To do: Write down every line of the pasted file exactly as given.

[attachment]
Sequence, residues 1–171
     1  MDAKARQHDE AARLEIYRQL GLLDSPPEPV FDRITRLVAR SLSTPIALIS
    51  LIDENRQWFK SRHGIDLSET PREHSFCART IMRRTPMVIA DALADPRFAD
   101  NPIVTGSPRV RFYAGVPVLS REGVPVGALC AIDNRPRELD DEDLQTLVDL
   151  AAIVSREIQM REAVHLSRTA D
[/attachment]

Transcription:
Sequence, residues 1–171
     1  MDAKARQHDE AARLEIYRQL GLLDSPPEPV FDRITRLVAR SLSTPIALIS
    51  LIDENRQWFK SRHGIDLSET PREHSFCART IMRRTPMVIA DALADPRFAD
   101  NPIVTGSPRV RFYAGVPVLS REGVPVGALC AIDNRPRELD DEDLQTLVDL
   151  AAIVSREIQM REAVHLSRTA D